Charlotte was with Jerry that day in 1964 when they visited an aquarium and he first got the idea of freezing a whale. Increasingly intrigued, Malone performed his own market research at truck caf�s. He would sit down at a counter, order coffee and say, to no one in particular: "I saw the damnedest thing today." Then he would drink the coffee, until at last someone could stand it no longer and ask him what, in fact, he had seen.
"I saw a whale, a 20-ton whale, frozen in a truck. Would you pay to see a thing like that?" Better than a third of those interviewed in this unique random survey allowed as how they would. Jerry figured that was potentially 75 million Americans times 35�.
Malone's car lot (s) had folded by then and he was married and making $1,575 a month in commissions selling cars on the lot of a close friend, George Zarounian. Finally, he gave Zarounian notice and told him he was going after his whale full-time. "It's crazy," Zarounian said.
"Crazy things work these days, George," Jerry replied.
By now, Jerry had already named his future whale after an uncle, Irv Mulanax, the other half of M&M Auto Sales and various other defunct ventures. Jerry bought business cards with gold-leaf lettering and headed out in search of investors. Potential dead-whale angels, however, remained more prone to place their savings in convertible bonds, the American Stock Exchange and other such investments, and Zarounian pleaded with Malone to come back.
Finally, he made a proposal. If Malone could march cold into three shopping centers (selected by Zarounian) and sell them all on the idea of booking a frozen whale, he, George Zarounian, would co-sign the loan. When the third straight shopping center went for Jerry's pitch, Zarounian—who, it is said in Visalia, resembles Gilbert Roland—leaned back in his chair, sighed in exasperation, lit up a Bering cigar and said: "Well, I guess I'm in the whale business." Stunned but game, the United California Bank approved the loan application.
The risk on Zarounian's part was considerable. There was no guarantee, first of all, that Malone could even get a whale to put into his $80,000 truck, which he was already committed for. There is only one U.S. whaling station, at Point Richmond, Calif. Malone had to get permission from the Department of the Interior before dealing with the whalers, who had little margin for error themselves. There is a $10,000 fine for harpooning a sperm whale under a 35-foot minimum, and Malone could not fit one in his truck if it was more than 40 feet or 21 tons. Besides, even at that point, some cryogenics experts that Malone consulted said they didn't think he could freeze a 20-ton whale anyway.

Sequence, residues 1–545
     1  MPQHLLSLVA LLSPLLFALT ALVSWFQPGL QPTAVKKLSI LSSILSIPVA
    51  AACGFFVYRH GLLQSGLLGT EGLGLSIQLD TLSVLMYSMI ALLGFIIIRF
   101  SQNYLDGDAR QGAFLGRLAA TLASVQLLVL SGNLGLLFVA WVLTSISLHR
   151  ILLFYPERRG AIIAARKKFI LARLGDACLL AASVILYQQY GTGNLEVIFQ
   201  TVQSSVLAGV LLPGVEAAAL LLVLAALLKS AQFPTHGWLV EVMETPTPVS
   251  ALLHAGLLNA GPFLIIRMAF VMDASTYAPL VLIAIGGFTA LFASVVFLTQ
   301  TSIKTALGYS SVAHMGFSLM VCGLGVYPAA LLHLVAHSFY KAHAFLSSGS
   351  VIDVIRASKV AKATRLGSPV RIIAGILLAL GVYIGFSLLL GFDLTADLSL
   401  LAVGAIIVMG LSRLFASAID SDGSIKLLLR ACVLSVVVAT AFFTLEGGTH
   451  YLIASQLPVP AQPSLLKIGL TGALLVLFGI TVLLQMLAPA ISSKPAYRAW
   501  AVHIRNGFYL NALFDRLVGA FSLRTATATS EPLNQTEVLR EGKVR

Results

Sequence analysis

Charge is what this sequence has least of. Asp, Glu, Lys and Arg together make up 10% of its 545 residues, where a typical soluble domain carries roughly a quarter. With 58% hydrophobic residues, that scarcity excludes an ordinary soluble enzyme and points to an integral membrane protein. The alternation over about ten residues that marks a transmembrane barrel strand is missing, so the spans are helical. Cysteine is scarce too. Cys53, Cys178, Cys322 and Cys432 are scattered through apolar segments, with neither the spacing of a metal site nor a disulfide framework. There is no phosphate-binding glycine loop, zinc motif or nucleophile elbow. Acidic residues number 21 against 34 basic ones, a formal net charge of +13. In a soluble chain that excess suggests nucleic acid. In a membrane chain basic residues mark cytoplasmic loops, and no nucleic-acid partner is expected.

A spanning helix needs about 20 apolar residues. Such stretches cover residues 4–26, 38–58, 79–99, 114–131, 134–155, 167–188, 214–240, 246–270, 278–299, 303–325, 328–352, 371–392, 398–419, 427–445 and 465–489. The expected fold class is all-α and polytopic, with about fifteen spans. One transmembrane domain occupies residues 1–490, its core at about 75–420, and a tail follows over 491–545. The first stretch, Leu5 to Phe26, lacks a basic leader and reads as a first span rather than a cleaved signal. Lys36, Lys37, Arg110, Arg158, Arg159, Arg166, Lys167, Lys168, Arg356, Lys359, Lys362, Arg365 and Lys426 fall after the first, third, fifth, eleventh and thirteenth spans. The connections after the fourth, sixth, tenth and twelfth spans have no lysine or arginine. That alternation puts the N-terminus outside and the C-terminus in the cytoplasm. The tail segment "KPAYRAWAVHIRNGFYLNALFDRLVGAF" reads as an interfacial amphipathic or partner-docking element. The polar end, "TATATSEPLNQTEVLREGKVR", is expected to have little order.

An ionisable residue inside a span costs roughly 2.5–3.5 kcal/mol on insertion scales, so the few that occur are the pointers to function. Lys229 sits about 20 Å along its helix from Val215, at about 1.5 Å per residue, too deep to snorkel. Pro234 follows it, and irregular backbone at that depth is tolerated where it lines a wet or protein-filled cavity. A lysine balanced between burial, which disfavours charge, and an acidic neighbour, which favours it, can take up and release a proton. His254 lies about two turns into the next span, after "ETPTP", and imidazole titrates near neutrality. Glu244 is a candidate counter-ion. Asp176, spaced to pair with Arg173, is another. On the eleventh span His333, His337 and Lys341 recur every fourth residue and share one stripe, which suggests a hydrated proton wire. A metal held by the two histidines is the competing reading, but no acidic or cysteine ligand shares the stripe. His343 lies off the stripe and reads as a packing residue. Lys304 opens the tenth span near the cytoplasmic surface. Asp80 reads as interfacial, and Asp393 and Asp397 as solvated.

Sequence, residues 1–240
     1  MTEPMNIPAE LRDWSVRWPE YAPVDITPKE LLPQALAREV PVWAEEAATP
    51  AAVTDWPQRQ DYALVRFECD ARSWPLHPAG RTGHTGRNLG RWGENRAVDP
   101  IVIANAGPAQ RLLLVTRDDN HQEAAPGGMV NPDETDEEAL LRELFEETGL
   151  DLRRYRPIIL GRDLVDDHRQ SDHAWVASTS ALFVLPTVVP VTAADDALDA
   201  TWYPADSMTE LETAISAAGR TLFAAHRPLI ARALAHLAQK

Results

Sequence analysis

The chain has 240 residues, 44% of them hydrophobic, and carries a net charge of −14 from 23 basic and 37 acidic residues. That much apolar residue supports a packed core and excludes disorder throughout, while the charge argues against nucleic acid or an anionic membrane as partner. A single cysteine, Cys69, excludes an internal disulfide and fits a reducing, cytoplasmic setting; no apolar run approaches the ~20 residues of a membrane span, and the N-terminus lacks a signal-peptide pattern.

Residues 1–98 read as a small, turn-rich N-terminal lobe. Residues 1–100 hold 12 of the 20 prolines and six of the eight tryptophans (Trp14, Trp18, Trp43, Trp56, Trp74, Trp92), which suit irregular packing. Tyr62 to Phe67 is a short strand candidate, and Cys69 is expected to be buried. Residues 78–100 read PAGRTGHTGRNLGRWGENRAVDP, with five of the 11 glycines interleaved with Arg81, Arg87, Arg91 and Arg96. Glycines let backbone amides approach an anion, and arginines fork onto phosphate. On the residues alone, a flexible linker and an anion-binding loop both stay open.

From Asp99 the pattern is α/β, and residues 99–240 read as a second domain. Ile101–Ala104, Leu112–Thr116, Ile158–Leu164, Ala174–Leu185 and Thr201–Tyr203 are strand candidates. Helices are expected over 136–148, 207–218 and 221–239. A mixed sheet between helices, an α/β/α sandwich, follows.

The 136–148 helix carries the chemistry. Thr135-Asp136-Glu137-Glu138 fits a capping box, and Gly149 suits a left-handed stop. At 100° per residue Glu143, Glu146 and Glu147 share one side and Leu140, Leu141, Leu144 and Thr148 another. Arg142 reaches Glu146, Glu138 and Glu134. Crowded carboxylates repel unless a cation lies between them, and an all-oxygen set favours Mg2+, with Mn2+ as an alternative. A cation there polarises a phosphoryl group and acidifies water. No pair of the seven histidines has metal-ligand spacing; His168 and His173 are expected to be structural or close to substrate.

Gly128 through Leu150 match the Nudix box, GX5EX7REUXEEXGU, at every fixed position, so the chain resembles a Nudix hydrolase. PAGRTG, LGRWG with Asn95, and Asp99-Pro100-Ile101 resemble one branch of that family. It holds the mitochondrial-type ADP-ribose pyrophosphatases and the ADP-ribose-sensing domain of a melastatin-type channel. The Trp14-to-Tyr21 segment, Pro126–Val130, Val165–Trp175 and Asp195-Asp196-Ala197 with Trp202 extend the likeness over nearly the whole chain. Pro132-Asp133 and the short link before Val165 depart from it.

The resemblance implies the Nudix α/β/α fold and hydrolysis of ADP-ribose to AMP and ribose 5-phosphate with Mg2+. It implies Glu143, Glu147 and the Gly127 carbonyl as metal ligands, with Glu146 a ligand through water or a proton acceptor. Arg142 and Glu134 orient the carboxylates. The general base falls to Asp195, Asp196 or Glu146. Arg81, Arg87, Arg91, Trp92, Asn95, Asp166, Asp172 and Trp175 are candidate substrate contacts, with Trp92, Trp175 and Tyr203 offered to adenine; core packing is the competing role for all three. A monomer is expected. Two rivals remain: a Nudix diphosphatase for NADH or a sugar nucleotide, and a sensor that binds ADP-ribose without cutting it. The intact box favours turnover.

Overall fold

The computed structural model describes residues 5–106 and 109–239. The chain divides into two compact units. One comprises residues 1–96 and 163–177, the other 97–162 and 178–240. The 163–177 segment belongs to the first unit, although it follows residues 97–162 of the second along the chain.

On June 30, 1967, Malone was already out $100,000, with no whale and no assurance he could keep it from deteriorating even if he had it. On July 1, after almost two months of searching the Pacific, the whaler Alan Cody harpooned Little Irvy; on July 2 he was at Point Richmond, and on Saturday, July 8 he was frozen solid. Nobody really was bothered with the detail that Little Irvy had turned out to be a girl whale.
Little Irvy was still caked in ice when they finished cleaning up the truck that night about 7 o'clock. Malone had somehow obtained the rare permission to bring his traveling exhibit to Fisherman's Wharf, and Uncle Irv Mulanax allowed as how they could open up bright and early Monday morning with his namesake. "Are you kidding?" Jerry asked. "Two years I've been working on this and I'm going to wait two more days?"
He and Charlotte were parked and setting up for customers by 9 o'clock. At this point they inventoried, and between them their resources totaled one nickel and four pennies—9�. Charlotte worked the entrance and Jerry went inside and started explaining about Little Irvy to the patrons, because, of course, they had no recording set up yet.